Meanwhile, the environmental fallout from this infinite growth paradigm is becoming acute. All of earth’s natural systems – air, water, minerals, oil, forests and rainforests, soil, wetlands, fisheries, coral reefs, the oceans themselves – are in serious decline. Climate change is just one symptom. “The problem is the delusion that we can have infinite quantitative economic growth, that we can keep having more and more stuff, on a finite planet.”[2] The problem is an economic system that makes no distinction between capital investments that destroy the environment, or worsen public health, or exacerbate economic inequality, and those that are aligned with earth’s natural systems while promoting the general welfare. Under growth capitalism, a dollar of output is a dollar of output, regardless of its side effects; short-term profit is valued regardless of the long-term consequences or externalities.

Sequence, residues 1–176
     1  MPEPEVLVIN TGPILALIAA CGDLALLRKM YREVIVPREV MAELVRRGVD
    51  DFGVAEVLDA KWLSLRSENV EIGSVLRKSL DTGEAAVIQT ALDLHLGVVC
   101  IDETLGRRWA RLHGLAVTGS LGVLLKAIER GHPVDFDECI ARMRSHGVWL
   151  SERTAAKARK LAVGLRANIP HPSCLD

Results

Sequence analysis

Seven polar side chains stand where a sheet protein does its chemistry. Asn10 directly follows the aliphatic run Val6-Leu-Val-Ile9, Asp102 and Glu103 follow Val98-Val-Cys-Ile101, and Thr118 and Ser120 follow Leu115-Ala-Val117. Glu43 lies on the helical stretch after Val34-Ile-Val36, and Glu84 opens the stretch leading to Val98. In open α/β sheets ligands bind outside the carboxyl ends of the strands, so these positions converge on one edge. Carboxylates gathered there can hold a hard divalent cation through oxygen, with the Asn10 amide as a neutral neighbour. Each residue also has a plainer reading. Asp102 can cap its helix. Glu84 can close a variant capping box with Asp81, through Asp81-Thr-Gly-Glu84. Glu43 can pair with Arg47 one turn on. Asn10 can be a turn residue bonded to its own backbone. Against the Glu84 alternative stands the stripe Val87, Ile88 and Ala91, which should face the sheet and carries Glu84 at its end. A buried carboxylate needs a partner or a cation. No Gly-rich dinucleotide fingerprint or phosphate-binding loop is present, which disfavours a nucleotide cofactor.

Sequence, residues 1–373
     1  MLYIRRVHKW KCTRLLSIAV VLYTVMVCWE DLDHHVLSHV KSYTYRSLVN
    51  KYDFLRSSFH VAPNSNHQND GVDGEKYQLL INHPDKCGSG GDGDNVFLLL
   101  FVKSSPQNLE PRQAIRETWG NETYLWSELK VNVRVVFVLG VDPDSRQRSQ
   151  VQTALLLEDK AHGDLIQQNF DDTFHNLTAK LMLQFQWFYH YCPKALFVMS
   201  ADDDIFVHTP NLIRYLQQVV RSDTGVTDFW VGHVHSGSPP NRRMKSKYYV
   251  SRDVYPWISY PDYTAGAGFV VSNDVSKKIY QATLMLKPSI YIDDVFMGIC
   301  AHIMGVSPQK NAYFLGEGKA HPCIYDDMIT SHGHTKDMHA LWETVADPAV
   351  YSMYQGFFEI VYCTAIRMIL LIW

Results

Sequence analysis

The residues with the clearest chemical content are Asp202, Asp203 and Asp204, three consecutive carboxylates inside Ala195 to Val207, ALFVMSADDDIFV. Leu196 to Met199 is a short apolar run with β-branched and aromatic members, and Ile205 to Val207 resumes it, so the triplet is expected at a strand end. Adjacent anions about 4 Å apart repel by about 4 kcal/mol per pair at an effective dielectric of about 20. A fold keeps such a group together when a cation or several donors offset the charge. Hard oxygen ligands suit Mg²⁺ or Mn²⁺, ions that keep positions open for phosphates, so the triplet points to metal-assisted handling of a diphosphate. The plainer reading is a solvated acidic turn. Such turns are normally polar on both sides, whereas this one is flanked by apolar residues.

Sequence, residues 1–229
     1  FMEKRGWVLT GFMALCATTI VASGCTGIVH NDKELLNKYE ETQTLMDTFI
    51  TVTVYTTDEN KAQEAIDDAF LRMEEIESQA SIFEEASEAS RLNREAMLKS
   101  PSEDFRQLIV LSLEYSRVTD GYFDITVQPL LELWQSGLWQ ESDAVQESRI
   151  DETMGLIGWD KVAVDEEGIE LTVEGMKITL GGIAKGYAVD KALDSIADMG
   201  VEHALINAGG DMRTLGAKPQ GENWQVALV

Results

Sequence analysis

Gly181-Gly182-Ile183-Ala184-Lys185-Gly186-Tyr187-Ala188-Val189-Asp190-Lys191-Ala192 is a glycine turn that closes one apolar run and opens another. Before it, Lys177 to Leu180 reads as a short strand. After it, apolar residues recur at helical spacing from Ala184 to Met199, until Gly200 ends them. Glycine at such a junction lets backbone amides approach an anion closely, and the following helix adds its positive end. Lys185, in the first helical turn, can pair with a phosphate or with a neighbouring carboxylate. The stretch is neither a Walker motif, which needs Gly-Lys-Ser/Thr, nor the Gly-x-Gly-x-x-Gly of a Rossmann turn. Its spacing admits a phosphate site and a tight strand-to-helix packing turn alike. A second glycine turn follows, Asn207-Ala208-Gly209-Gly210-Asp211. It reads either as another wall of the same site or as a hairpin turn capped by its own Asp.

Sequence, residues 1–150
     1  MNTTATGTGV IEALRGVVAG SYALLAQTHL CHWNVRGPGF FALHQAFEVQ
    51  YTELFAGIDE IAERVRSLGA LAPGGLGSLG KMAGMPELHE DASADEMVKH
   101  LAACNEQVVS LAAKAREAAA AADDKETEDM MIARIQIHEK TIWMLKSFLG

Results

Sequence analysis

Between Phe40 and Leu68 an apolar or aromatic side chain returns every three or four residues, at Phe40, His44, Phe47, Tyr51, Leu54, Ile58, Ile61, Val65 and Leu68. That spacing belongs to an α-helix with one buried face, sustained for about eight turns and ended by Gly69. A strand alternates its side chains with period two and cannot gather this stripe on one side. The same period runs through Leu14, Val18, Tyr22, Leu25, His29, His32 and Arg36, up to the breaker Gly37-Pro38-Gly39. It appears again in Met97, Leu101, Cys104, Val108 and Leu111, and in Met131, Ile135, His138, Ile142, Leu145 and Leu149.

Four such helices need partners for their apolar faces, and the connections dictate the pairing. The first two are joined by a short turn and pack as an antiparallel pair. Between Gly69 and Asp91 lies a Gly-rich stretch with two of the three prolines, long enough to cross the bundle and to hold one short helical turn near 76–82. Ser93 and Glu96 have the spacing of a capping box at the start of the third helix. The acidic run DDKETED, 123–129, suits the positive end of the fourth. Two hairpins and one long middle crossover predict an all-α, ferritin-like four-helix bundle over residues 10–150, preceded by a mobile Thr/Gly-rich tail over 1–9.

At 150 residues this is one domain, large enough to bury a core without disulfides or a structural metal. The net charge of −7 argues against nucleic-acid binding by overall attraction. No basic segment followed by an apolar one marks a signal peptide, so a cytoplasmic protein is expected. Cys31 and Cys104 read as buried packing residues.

It is therefore discouraging that, in the U.S. at least, there is no serious discussion in mainstream policy circles about alternatives to the present system. Nor do I think there will be for some time given our current political/cultural drift. Political and economic elites, and the public itself, remain committed to growth capitalism, accustomed to “having more and more stuff,” for a host of economic, social and psychological reasons. As Jeremy Grantham has written, “[t]he problems of compounding growth in the face of finite resources are not easily understood by optimistic, short-term-oriented, and relatively innumerate humans (especially the political variety).”[3] Our campaign finance system, wherein policy makers are essentially bought off by and incentivized to advance the very interests that stand to profit most from the current system, is no help. Making matters worse, large segments of the public do not even accept what science teaches us about climate change, or natural systems, or evolution, or a host of other pressing realities. The late U.S. Senator Daniel Patrick Moynihan once said that everyone is entitled to their own opinion but not their own facts. Today, it seems that a growing number of people, aided and abetted by special interests that stand to benefit from public ignorance, are increasingly opting for their own “facts.”